In my back yard three years ago, I found a huge spider with a big wide hole in the ground. Okay, I freaked out and ran to get my dad. He wasn’t overly concerned, but I had two kids that played outdoors, in the back yard, and in this area. The spider scared me, but somehow I managed to trap it in a glass jar. My mom and I drove 20 miles to ask the county extension agent what it was and would it have friends or a large family. That is when I learned that it was a wolf spider. I don’t mind small spiders as long as they are outdoors. The only web making insect that I leave alone are the daddy long leg spiders. No matter which spider is threatening your home or yard, it is important to get rid of them. Although this article is on the hobo spider, you will find that by following these tips, you will keep theses insects from claiming your home as theirs.
Hobo spiders are brown or gray in color and they go by a number of different names such as aggressive house spiders or funnel spiders. When fully grown, they may as big as an inch to just less than 2 inches. Their webs are funnel-shaped and they prefer to live in the moist areas of your home such as a basement or window well. It is important to get rid of hobo spiders and kill them to keep you and your family safe.
Eliminate Food Supply
One good thing about spiders is that they feed on other bothersome insects like grasshoppers, flies and ants. But if you want to keep spiders from coming into your home, you need to eliminate their food source. Spray along the foundation of your home with
When spiders come into your home they like to form their webs in corners. They also like to live in areas that are cluttered or among boxes and bags. By keeping your house clean and uncluttered, you will be improving your chances of keeping spiders away
Remove the Webs
Whenever you find a spider web in your home or outside close to your house, shed or garage, remove the spider webs. To keep from being bitten, use a vacuum to suck the spider webs up indoors. When finished, empty the canister outdoors into the trash receptacle bag. Immediately tie the bag tightly shut and throw it away, otherwise the spiders may crawl back out into your home. When removing spider webs outdoors, attack and destroy the webbing with a stick that is 4 feet or longer. Step on the spiders to kill them.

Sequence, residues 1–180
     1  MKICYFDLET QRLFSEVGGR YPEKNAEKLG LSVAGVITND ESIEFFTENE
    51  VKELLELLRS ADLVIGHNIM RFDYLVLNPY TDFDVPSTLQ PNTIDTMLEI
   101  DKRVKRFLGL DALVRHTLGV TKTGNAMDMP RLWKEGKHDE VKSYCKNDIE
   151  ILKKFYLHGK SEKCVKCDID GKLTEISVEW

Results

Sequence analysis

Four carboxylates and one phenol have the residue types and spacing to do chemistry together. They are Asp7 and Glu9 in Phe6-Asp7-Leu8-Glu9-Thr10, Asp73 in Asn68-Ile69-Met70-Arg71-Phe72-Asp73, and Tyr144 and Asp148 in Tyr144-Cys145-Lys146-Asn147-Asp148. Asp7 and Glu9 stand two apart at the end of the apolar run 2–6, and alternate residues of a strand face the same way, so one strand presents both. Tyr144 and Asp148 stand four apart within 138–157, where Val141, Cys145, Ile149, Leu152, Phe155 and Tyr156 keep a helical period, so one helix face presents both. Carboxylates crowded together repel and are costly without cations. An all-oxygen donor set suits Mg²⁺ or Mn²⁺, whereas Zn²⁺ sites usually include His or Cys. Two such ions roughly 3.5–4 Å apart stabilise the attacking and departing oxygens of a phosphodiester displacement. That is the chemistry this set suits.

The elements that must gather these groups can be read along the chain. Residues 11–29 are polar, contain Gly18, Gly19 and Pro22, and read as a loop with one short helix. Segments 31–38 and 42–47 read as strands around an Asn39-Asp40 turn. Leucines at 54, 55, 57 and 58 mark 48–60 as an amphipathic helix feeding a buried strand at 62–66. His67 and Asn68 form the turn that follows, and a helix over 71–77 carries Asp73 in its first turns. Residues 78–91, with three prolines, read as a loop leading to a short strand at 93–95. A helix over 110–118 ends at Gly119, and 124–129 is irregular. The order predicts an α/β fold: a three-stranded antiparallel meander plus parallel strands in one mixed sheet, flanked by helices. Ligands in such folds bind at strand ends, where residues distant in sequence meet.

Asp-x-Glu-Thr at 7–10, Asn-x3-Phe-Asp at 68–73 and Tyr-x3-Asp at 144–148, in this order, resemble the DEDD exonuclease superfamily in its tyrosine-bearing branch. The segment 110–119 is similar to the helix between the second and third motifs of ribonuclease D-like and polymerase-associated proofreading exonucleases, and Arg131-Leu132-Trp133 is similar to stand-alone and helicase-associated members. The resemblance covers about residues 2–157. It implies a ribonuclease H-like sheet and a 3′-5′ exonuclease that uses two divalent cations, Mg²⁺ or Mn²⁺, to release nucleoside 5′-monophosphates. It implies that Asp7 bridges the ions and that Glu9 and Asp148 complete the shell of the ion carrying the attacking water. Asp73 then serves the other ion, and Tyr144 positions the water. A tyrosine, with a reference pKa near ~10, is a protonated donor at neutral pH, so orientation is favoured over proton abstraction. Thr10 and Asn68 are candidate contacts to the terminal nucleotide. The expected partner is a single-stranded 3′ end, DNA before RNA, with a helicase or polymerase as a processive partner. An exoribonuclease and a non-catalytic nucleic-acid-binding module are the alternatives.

Believe it or not there are stores that sell hobo traps. These traps are easy to use because the spiders go inside and become stuck in the sticky tape substance. Place these traps in the areas where you have seen the spider webs and in other places such as corners, entryways and window wells. These traps are sold in most home improvement stores, major chain stores or online. Use care when picking up these traps because although the spiders are stuck, they can still bite.
If you want a safe, non-toxic way to eliminate hobo spiders and other insects from entering your home, sprinkle diatomaceous earth around your house and yard. The diatomaceous earth is made of crushed fossils that cut through the spider’s exoskeleton. Then this happens, the hobo spiders and other insects die from dehydration. You can purchase diatomaceous earth is sold in most garden supply stores or online.
For a less safe approach to dealing with spiders where you have to be careful when using, you can scatter pesticide dust in the areas where you have spiders. Check the label to make sure it will kill hobo spiders. As always, read and follow the label directions
If you are bitten by a hobo spider, you need to seek medical attention. The signs of being bit by a hobo spider are; within a half hour, there will be a hard area on your skin, with 2 inches of red surrounding the bite. Within 15 to 35 the area will blister. Some people may experience numbing sensations or dizziness from hobo bites. The blisters usually break in a 24-hour period, and you will be left with a slow healing wound.
Washington State University; How to Identify the Hobo Spider; Rick
Washington State University: Frequently Asked Questions About Spiders
“Natural Enemies Handbook”; Mary Louise Flint; 1999
Hobo Spider: Traps and Other Products